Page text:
kalle olavi niemitalo wrote:
> Jeff King <p...@peff.net> writes:
> > Comments welcome from people using unusual editors (e.g., a script that
> > starts an editor in another window then blocks, waiting for the user to
> > finish).
> I often run a shell in Emacs in X, then start git commit in that
> shell. $EDITOR is emacsclient --current-frame, which asks the
> existing Emacs instance to load the file and waits until I press
> C-x # in Emacs to mark the file done. If I want to abort the
> commit, it is most intuitive to return to the *Shell* buffer in
> Emacs and press C-c C-c (comint-interrupt-subjob) to send SIGINT
> to git from there. (I see that "an empty message aborts the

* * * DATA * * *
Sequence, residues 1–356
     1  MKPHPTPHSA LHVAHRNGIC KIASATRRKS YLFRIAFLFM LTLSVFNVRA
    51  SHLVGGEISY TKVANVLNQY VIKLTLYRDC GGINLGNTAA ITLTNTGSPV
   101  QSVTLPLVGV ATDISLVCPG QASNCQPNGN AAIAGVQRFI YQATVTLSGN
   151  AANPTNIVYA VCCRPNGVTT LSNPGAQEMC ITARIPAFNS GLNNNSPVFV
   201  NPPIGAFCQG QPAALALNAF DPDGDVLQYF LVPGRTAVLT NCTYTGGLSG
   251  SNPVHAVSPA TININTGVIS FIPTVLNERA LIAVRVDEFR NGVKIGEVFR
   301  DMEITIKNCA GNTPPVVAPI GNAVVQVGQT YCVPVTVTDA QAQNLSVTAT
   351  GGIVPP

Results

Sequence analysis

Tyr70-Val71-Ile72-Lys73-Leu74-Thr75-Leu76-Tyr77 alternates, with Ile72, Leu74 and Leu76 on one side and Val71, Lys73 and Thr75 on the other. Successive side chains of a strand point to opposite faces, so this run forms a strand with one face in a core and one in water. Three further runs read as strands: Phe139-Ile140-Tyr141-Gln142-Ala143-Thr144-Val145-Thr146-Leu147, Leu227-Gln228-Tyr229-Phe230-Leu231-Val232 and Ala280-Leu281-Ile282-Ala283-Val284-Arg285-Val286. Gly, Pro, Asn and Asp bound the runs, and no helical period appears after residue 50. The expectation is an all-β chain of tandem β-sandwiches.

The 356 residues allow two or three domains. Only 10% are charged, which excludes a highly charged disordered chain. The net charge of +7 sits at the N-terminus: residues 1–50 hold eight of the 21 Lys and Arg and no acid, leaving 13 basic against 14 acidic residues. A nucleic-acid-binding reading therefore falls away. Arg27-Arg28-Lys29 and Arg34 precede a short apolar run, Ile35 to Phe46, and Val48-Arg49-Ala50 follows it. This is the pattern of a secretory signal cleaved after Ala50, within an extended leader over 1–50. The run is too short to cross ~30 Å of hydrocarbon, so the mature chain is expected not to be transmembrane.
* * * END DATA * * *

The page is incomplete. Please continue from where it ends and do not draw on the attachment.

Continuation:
> commit", and indeed it does, but well, I prefer not to trust such
> a feature if I can instead just interrupt the thing.)
> With pf/editor-ignore-sigint, C-c C-c in the *Shell* buffer kills
> neither git nor the emacsclient started by git. This is not good.
> SIGQUIT from C-c C-\ (comint-quit-subjob) still works though.
when i implemented the change, i wondered if some twisted emacs
workflow would be an issue. ;-) and i almost blocked SIGQUIT as
well -- the two programs i looked at for precedent (CVS and MH) both
block both SIGQUIT and SIGINT when spawning an editor.
but since emacs users must have dealt with CVS for a long time before
dealing with git, how might they have done so?
the existing git behavior is bad for non-emacs users, and git itself
provides an abort-the-operation mechanism (i.e., writing an empty
message), so i'm not convinced your use case invalidates the new
behavior. (though it might spotlight a need for this being prominent
in release notes.)
paul fox, p...@foxharp.boston.ma.us (arlington, ma, where it's 40.6 degrees)
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